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# Electromagnet investigation

Extracts from this document...

Introduction

Tom Cole

11DSB-11R3

9061

25/6/02

Electromagnet investigation

An electromagnet works similarly to a normal magnet but with one huge advantage.  A normal magnet is constantly on but an electromagnet can be turned on and off.  This is useful in both the science lab and industry such as a scrap yard.  An industrial investigation of this size is obviously not possible in the science lab so in order to simulate a smaller type of situation I’m going to use small weights.

I plan to find out the different characteristics of an electromagnet by changing the number of coils around the electromagnet and the amount of current which is passed through it. My hypothesis is that the amount of current and or coils which are placed on the magnet will govern the strength of the magnet.

Middle

The investigation will require me to increase the amount of coils surrounding the iron bar.  100 coils will be the number I will use but this will change throughout the experiment.  I also plan to see how much weight the electromagnet will hold.

The weights which I will use are 10g each and the apparatus has been designed it will consist of a stand and clamp holding the iron core using a piece of iron I will support the weights from it.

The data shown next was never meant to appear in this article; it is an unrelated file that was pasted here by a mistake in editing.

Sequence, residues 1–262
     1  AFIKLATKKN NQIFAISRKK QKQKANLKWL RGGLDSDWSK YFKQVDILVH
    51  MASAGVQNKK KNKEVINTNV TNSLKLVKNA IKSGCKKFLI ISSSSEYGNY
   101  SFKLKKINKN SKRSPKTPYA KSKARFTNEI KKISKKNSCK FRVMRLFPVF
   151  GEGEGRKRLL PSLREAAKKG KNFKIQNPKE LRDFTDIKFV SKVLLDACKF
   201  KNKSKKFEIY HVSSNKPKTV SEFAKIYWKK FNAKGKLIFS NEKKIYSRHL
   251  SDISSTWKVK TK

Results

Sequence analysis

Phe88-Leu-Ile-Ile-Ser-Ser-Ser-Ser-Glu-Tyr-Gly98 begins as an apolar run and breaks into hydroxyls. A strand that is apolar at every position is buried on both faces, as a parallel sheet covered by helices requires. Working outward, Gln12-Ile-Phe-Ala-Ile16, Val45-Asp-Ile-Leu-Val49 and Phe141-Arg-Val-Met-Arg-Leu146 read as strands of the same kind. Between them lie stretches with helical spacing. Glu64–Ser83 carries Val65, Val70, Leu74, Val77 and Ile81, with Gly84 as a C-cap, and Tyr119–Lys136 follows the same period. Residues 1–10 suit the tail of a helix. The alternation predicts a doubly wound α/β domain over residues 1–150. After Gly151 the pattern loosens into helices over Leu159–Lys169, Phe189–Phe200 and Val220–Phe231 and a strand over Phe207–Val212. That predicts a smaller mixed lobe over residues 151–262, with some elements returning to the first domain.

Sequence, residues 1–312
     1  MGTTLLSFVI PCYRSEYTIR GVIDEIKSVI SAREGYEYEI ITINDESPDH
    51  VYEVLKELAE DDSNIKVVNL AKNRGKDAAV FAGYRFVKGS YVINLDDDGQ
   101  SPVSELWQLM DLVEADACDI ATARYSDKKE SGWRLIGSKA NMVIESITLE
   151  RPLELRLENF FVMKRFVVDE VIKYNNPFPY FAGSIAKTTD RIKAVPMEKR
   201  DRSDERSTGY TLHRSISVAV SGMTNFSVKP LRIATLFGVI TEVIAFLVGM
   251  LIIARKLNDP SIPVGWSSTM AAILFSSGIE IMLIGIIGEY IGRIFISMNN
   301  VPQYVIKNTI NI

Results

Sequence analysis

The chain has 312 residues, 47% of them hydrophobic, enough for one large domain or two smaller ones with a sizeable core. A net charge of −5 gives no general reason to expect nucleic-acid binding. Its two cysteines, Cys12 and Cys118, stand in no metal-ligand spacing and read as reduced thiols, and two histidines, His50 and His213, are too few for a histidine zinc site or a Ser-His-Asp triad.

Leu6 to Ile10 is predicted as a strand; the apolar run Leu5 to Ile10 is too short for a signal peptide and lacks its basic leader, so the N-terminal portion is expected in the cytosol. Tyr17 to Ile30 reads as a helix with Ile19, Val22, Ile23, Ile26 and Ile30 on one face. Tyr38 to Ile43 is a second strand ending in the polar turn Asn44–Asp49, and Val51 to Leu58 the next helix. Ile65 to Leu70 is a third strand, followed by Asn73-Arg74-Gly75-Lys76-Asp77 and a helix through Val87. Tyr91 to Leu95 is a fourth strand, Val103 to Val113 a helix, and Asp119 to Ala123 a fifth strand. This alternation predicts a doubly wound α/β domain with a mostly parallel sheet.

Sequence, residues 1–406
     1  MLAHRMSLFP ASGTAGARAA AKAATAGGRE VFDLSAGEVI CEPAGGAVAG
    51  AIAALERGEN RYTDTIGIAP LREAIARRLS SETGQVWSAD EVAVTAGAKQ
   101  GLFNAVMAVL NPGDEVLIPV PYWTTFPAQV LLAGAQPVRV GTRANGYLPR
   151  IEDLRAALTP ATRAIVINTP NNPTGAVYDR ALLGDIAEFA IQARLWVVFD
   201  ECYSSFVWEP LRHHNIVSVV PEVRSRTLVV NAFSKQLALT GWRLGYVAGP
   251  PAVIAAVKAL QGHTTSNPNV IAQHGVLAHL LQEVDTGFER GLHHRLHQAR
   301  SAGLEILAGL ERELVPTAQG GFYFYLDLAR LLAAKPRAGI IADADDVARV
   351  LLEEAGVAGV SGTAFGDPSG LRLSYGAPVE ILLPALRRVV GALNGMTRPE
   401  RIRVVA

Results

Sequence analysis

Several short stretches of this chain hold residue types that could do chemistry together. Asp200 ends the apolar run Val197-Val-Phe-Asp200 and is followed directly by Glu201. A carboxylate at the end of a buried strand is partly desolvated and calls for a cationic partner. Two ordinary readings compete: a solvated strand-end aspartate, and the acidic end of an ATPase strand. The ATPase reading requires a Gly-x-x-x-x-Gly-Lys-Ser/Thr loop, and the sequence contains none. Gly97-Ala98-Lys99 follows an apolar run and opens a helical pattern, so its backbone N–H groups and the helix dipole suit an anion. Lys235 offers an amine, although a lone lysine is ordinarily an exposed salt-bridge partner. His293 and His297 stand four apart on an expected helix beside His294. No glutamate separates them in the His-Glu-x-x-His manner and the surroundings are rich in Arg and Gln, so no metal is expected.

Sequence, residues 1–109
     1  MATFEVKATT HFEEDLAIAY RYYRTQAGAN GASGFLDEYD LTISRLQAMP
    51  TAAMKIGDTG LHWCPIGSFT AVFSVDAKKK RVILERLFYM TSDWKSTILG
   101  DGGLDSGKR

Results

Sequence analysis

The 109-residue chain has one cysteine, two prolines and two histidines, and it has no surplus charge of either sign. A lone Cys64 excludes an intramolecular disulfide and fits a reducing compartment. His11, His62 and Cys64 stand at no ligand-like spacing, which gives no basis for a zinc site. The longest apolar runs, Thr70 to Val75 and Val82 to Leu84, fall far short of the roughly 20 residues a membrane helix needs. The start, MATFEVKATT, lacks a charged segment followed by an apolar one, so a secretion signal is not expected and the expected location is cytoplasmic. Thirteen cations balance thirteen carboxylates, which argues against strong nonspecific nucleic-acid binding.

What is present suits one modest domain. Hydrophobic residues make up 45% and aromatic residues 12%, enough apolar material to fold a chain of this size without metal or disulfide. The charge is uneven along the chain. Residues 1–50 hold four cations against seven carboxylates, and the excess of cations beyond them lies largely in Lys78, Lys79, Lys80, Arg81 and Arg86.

I hypothesize that as the number of coils increases, so will the strength of the magnet.  This is also true with the current.  As I increase the current the magnet will become stronger.  This will happen because the stronger the current passing

Conclusion

Scientific Explanation

The current flows threw the wires surrounding the iron core, this creates a magnetic field this is caused as each wire has its own magnetic field so when one wire is curled around the iron bar you find that the magnetic field is twice as powerful and so on and so forth. So by increasing the current flowing threw the wires you increase the strength of the magnetic field, thus allowing the electromagnet’s strength increase to lift a much heavier weight.

This student written piece of work is one of many that can be found in our AS and A Level Fields & Forces section.

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